US Will Continue To Maintain Strategic Ambiguity Over Taiwan — Former NATO Commander

The US will, most likely, continue to maintain the “strategic ambiguity” in its relationship with Taiwan, which is at loggerheads with China, former NATO Commander James Stavridis has said.

“Strategic ambiguity” underscores that the possibility of any American military and diplomatic assistance to Taiwan in a potential war between Taiwan and mainland China is deliberately unclear.

“The ‘pros’ are principally that it would hopefully add further deterrence to the Chinese calculus if they knew that the US would conduct combat operations to defend Taiwan. But the ‘cons’ are that it is unclear what the US public would feel about such a strong commitment,” the South China Morning Post quoted the former US Navy admiral as saying.

As of now, there is no agreement on how a potential attack by China against Taiwan should be discouraged. However, the US is hopeful that the uncertainty will force Beijing to stay cautious and dissuade the self-ruled island to declare independence.

Some argue that the US should abandon its policy of strategic ambiguity. The current policy of strategic ambiguity needed a ‘shift’ as it lacked an objective, according to Shirley Kan, an Asian security affairs specialist and advisory board member at the Global Taiwan Institute think tank.

Stavridis even warned of possible cross-strait war, a view he shared with the former US Indo-Pacific commander Philip Davidson.

Chinese military and missile tests ahead of Taiwan’s democratic election in 1996 called for Washington’s intervention, following which the US anchored its aircraft carriers near the Taiwan Strait.

Chinese incursions in and around Taiwan have increased as it has recently conducted amphibious landing exercises in the troubled waters off South China’s Fujian Province, which faces the troubled island.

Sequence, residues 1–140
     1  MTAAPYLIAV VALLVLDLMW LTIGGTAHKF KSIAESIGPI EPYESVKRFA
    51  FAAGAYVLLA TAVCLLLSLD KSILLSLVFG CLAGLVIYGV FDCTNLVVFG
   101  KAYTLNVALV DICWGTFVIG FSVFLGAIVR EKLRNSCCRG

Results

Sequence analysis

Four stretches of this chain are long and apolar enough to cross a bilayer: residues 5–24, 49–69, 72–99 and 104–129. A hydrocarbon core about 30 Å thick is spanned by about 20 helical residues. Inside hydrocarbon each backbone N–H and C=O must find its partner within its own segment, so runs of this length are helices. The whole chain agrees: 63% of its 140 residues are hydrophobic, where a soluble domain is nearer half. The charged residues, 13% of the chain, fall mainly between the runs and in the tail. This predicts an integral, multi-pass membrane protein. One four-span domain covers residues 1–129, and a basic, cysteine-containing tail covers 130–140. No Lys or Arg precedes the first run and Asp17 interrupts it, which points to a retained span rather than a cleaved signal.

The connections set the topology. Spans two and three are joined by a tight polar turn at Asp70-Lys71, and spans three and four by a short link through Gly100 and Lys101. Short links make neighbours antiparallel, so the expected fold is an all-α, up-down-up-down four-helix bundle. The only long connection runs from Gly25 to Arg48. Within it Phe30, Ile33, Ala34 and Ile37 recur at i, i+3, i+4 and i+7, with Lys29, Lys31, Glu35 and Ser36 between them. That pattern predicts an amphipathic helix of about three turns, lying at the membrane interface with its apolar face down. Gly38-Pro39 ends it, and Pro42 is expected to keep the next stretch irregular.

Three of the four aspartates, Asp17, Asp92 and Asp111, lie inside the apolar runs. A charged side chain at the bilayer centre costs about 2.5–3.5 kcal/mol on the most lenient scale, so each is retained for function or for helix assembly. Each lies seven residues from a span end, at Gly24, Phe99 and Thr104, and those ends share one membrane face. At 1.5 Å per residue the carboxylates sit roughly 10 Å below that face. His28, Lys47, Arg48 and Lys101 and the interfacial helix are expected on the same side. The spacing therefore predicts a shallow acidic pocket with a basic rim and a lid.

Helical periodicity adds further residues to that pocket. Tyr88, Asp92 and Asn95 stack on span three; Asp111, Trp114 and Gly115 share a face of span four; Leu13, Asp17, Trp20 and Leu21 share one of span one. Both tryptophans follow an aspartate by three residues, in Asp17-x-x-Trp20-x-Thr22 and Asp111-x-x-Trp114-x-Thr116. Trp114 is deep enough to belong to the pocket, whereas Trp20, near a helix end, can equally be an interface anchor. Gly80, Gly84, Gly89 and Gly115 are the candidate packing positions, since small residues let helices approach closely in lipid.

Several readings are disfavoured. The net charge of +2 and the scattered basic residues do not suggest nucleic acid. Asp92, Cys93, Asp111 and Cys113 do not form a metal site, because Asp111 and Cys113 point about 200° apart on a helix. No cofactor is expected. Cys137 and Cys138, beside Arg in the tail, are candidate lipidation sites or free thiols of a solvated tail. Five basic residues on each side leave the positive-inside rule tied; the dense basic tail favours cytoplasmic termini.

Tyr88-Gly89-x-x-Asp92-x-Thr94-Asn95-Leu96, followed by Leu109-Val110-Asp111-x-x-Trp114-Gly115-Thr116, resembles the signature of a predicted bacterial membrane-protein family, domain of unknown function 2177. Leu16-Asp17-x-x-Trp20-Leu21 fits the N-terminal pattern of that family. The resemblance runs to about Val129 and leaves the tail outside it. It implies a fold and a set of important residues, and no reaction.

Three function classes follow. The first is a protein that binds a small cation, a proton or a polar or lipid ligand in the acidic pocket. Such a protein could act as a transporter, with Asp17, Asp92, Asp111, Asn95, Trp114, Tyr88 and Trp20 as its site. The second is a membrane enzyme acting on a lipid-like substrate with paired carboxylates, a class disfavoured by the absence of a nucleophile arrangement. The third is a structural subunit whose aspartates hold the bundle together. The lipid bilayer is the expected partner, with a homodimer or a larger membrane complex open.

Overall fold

China commands its control over its breakaway province Taiwan as it strives to attain dominance in the Southeast Asian region. However, Stavridis said, “I hope … they are not ‘prioritizing reunification in the near-term’. But hope is never a good strategy. So the US should prepare for the chance that there might be a move in the five-year future”.

The US, in its latest move, has sent transport aircraft to aid the Taiwanese to combat the Covid-19 pandemic.

“The US is clearly moving closer to Taiwan, and that will manifest in increased advanced weapons sales, better access to intelligence and information, additional cybersecurity, training and exercises, high-level visits and exchanges,” Stavridis said.

The increasing US presence near the Taiwan Strait was the result of China’s growing military aggression against the island. In recent months, China has regularly flown its combat aircraft over the international waters between Taiwan and the Taiwanese-controlled Pratas Islands in the South China Sea, BBC reported.

On April 23, a record number of Chinese aircraft — 25 jets including fighters and nuclear-capable bombers — flew into the Taiwanese air defense zone.

Written Kanika Sachdeva